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Thursday, June 10, 2010

June: PAPER TOWNS, Revenge

John asks, "Do you think the characters Margo targets for revenge get what they deserve? Does Lacey deserve to be included?"

Follow-up: Have you ever felt like you wanted revenge? Did you act on it?


L.J. Boldyrev said...

I have never seen a character with my name (Lacey)! I've been wanting this book but now I want it even more, lol!

Mrs. DeRaps said...

I think that the whole idea of revenge is a dangerous situation. I think that most of us automatically go there, but the revenge we seek can ultimately have more unintended consequences and do more damage than the original offense.

To me, revenge is a more of a first or innate sot of reaction. It takes maturity and a certain rationality to step back from that angry, plotting place to form a more clear-headed plan about dealing with people and situations that have hurt you.

That said, Margo is one of the bestest characters ever written and I totally cheered her on throughout Paper Towns.

Whitney said...

Mrs. DeRaps, that is true about maturity and how to deal with people after betrayal, but Margo does take a long time to concoct those schemes.
Maybe the brooding only aged and refined her anger against them to the point that she definitely would have carried them out regardless, or it prevented her from doing anything more harmful.
Also, in the end Lacey makes amends, but in the moment Margo could only see her as the one-sided frenemy which was unfortunate.

Either way, I thought her methods were precise and brilliant.

elfarmy17 said...

I think a lot of people prefer to forgive people, or ignore the things they do to us. Margo doesn't. If we're going to punish people for what they've done, then they absolutely deserved it. Jace and Becka (that's her name, right?) deserved it anyway.

Melissa Walker said...

The idea of revenge is scary/sad to me in some ways because I think it can take over the person's life who WANTS revenge. Then they're living in this darker place. At the same time, though, it's always fascinating to see characters you love enact revenge on characters you dislike, so I'm for it in fiction. Just maybe not for my own life (but hey, you never know).

Lorie Ann Grover said...

I fall in with Melissa. I can enjoy revenge in fiction, relish Margo's, but there's no way I'm going entertain it in my own life. *shivers*

airshoes said...
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Shelf Elf said...

There have been a few times when I've wanted revenge, and one or two times when I've even worked out the details and thought I'd go for it. But in those cases, before I acted on my desire for revenge, I realized that the reason I wanted revenge was that I was sad, more than angry, and that in taking revenge, I'd just end up feeling sadder. So I've never followed-through on my revenge plans. I've just let things go, as best as I could. I think for most people, revenge stays in the land of story, not in the real world, and I think that the real world is better for it.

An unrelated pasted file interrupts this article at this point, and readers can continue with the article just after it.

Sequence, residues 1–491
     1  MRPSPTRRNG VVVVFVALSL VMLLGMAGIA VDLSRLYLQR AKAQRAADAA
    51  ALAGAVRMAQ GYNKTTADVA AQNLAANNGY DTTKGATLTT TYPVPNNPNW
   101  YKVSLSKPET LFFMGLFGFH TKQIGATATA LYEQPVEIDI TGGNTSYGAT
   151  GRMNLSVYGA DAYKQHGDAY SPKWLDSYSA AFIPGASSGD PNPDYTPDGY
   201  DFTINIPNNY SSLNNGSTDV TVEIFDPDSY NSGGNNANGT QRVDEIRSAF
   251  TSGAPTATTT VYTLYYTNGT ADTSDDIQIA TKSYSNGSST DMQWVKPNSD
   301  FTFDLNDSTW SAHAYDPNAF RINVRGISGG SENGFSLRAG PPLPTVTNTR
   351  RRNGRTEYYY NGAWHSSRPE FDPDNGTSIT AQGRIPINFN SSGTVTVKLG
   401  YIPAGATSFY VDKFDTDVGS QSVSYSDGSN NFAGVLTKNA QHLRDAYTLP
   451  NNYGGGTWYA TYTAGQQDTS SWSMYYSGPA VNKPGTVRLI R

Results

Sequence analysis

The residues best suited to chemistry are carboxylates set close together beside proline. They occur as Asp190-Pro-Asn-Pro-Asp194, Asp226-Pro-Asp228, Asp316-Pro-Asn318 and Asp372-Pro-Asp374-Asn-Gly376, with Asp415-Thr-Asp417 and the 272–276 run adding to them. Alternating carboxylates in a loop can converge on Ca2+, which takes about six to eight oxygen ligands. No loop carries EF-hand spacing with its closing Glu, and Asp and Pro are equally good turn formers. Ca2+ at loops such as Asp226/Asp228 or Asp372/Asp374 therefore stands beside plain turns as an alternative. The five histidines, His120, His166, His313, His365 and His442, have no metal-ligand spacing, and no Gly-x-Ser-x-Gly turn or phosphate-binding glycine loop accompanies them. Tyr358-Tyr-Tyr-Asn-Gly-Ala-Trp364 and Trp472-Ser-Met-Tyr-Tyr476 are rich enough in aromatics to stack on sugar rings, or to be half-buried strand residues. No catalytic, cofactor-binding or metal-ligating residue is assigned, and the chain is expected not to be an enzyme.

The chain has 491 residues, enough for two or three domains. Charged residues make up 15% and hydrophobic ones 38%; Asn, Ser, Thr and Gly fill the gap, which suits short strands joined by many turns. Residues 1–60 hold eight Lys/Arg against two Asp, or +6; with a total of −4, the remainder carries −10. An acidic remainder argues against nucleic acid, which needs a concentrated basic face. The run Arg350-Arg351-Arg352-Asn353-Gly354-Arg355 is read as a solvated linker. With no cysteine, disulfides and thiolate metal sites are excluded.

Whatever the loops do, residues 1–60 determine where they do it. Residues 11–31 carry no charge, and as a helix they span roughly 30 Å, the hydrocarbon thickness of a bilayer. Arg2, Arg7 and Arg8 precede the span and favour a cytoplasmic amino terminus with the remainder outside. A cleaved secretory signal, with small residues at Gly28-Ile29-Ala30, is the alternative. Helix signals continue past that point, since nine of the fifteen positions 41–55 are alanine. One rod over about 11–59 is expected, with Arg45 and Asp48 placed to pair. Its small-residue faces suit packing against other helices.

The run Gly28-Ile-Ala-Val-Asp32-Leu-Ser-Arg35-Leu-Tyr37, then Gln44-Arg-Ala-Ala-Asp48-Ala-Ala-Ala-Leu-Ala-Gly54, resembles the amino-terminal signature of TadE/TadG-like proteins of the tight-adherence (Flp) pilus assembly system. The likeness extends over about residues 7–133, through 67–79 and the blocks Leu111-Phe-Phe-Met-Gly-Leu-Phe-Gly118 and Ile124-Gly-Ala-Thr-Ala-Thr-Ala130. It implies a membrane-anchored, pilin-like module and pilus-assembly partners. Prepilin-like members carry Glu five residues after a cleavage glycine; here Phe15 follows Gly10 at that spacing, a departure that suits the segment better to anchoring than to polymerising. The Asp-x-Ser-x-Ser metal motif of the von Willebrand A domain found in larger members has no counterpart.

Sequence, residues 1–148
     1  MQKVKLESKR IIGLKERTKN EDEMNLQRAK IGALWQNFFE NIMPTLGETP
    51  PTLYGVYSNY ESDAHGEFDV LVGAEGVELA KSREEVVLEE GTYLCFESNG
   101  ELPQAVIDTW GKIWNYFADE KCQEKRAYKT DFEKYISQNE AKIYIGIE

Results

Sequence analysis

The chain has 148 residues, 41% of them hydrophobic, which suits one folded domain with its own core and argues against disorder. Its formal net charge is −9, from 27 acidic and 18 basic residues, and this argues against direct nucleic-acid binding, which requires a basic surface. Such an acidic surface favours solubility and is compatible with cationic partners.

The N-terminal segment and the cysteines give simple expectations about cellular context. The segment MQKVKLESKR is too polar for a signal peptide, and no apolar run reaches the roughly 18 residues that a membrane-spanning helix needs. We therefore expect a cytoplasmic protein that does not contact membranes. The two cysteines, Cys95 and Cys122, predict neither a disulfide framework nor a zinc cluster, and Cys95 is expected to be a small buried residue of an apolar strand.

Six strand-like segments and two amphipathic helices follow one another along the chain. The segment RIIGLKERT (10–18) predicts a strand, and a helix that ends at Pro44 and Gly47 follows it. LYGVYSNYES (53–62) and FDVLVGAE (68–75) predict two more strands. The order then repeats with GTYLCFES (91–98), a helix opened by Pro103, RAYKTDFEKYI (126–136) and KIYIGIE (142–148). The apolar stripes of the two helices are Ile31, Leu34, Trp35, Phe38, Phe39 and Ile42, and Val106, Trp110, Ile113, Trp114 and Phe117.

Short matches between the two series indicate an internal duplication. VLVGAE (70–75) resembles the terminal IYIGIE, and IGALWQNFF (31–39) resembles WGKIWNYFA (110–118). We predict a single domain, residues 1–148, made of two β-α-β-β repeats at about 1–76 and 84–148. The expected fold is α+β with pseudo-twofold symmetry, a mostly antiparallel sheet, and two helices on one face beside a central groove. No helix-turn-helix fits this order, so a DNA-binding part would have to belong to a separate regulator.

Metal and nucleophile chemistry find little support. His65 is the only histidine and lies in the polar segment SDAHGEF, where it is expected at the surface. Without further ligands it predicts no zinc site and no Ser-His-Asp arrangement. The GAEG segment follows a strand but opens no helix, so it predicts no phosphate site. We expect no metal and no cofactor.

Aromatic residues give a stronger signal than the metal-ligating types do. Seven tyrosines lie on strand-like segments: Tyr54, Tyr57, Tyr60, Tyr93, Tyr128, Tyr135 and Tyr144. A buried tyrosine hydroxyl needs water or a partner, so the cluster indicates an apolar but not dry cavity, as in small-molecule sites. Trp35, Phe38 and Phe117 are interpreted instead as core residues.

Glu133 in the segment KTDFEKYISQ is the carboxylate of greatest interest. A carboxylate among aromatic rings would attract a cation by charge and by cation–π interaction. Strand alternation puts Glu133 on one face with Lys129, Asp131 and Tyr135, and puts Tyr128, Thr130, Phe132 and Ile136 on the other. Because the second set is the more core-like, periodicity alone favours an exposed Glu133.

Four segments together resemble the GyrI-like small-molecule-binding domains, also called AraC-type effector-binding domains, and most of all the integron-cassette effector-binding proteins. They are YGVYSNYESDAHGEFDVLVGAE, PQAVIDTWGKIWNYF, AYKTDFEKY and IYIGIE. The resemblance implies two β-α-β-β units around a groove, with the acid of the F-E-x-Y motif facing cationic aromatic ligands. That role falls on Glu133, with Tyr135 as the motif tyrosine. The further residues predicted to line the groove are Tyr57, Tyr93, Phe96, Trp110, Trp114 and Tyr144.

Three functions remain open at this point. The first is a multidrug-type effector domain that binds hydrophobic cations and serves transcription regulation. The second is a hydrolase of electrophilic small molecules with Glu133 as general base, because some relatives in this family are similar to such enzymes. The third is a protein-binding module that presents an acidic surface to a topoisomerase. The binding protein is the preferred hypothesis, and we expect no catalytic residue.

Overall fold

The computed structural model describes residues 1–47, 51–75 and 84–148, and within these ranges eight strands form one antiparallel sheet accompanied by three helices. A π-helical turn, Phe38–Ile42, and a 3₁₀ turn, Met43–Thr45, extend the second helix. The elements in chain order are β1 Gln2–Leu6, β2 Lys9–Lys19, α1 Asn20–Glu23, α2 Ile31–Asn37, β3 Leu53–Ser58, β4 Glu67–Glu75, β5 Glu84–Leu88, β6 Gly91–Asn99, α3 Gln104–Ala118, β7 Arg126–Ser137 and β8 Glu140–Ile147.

John said...

L.J.: I named her Lacey just for you :)

Mrs. DeRaps: I agree with you that on some fundamental level, revenge always fails, because what we want from revenge is justice, and once injustice has been introduced into a relationship, a restoration to justice is impossible. (That's my opinion, anyway.) What interests me, though, is why we are all as humans drawn to revenge even though intellectually we know it won't work.

elfarmy: Jase and Becca deserved the punishment, maybe, but does it accomplish much in the end? It doesn't make Margo happier. The only thing it accomplishes is accidental: Margo's night of revenge brings her closer to someone, and makes her regret the relationships she might have had. It's not the revenge that's satisfying, I don't think; it's the new friendship.

I think what shelfelf says about being sad rather than angry is moving and utterly accurate. Margo is the kind of person who turns to anger when she feels sad. (I am that kind of person, too, unfortunately.) It's hard to accept feeling sad. Sadness can feel pathetic and weak, things Margo hates feeling. But I think sadness is underrated. Running from sadness is a hard road.

Lorie Ann Grover said...

Absolutely. Sitting with sadness is the test.

Dia Calhoun said...

I wanted revenge on a man who kidnapped my cat and dumped it twenty miles away in the woods. By a miracle I got my cat back. But I still wanted revenge. What stopped me? Everything I could think of doing to the man was illegal.

It's ten years later, and I spit in his yard every time I walk by.